David Walters is one of the few artists whose every release is reliable. The Echelon Effect has a clearly identifiable sound, and has stuck to it consistently. (The final installment of Seasons might be considered an exception, save for the fact that it is part of a larger body of work.) While The American Dollar might be the closest relative, The Echelon Effect has a better sense of melancholy gratitude - a sadness that something has ended, but a gladness for having had the experience.
This sense comes into play with the timing of the latest release, arriving right at the end of summer vacation. One might ask, “Wouldn’t any album played at this time be identified with the end of the season?” This author’s response is that of 50 albums previewed in the last two weeks, this is the one that best matches the mood of forthcoming withdrawal. As I left the beach in my rear-view mirror earlier this afternoon, driving into the remnants of Hurricane Isaac, a few sunbeams struggled to send lines from distant clouds to the horizon. The Echelon Effect’s music – melancholy, but not mournful, euphoric, but restrained – was the perfect soundtrack for my mixed emotions.
Since every listener places the sheet of experience over music, it’s important to note the artist’s intentions. Field Recordings is about flying, and the samples are provided with the permission of Soundrangers. One can easily intuit the arc of a flight, given the instrumentation: the dawn, the takeoff, the soaring heights, the return to earth.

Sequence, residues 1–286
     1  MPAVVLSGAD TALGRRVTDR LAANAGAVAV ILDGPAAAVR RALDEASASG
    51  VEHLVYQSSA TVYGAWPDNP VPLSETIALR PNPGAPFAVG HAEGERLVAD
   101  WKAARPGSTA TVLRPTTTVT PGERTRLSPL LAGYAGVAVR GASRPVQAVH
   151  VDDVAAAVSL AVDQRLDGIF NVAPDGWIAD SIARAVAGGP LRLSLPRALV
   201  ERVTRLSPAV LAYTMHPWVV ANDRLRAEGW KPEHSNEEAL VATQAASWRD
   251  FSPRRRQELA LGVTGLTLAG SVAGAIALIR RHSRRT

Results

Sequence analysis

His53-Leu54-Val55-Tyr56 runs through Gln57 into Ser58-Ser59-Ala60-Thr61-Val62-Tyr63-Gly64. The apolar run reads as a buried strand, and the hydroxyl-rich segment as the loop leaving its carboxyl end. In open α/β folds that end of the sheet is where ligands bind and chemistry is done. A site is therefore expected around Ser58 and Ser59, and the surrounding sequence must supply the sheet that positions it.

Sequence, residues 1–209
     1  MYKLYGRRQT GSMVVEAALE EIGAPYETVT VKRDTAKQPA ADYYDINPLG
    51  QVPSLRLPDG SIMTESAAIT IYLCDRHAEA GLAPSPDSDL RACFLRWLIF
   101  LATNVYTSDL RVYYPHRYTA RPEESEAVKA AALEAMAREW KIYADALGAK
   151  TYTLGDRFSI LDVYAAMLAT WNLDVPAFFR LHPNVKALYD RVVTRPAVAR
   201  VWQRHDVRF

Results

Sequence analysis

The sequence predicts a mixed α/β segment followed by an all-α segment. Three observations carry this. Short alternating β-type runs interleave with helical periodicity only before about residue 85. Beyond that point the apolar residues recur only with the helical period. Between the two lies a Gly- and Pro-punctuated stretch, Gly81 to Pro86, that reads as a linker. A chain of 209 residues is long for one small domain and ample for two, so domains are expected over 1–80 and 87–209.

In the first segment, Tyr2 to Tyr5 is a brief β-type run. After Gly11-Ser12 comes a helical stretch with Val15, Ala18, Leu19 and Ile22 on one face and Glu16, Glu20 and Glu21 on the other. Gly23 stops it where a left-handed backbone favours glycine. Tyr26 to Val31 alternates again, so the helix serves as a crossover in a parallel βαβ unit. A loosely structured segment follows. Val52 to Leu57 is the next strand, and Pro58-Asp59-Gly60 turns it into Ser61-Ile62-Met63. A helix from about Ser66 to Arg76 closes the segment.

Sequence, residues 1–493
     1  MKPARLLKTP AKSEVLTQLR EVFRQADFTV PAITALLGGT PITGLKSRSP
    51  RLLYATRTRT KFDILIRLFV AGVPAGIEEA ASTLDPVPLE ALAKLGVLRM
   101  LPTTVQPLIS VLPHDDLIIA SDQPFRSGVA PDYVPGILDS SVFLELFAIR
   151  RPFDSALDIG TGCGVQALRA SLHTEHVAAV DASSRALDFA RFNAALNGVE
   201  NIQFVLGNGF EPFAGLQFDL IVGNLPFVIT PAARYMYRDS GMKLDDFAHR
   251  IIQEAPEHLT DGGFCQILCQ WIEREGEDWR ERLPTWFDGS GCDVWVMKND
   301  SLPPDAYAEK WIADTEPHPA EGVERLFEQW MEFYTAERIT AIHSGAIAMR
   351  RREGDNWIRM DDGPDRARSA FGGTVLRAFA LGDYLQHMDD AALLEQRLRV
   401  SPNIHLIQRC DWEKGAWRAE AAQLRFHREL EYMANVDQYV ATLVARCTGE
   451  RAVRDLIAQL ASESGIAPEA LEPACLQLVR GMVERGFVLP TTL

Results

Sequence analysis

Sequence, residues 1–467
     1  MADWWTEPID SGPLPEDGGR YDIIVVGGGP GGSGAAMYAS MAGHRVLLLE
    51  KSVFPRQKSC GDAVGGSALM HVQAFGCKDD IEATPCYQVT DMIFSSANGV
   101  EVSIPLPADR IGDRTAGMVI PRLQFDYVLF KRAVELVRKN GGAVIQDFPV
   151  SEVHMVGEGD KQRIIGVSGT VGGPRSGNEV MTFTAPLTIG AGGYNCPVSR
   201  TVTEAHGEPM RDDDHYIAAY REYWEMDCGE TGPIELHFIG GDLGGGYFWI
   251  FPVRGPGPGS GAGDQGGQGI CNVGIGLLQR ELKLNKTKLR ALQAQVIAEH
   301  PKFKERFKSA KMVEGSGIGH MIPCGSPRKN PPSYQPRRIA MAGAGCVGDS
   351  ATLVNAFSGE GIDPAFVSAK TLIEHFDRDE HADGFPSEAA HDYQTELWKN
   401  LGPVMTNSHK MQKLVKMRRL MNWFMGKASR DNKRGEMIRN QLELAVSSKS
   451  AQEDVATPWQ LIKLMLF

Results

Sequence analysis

“Intro” and “Tracking Aeroplanes” mark the early morning hours, the check-in, the consultation of weather conditions. Piano tones waft through the air like morning gulls. Sweet ambient drones roll like mist. Glockenspiel notes fall like good news: the flight will go on as scheduled. When the guitar enters, the excitement is palpable. The military drums at the end feel like lifting wheels.
“Antenna” and “Call to Ground” provide the impression of passing through cloud cover. Mystery is still apparent, a pregnant anticipation. The tracks drift together like colliding clouds. Percussion is held back until the final two minutes, possibly signifying the rise above the white and grey. And then “Outer Marker”, the set’s finest track, in which the drums and glockenspiel cavort with birds in the low heavens, sunlight sparkling off the plane’s metal wings.
A bit of friendly taunting is present in the last title: “The Brightest Star You See Is My Wingtip Over Your Home”. But even the best pilot must land sometime. Even if the artist is in the clouds and the listener is in the sky, the final impression is the same: open-eyed wonder and a desire to recapture the experience. And so the music wraps around, the last track feeding back into the first, suggesting that the memory has been looped in anticipation of the next flight. (Richard Allen)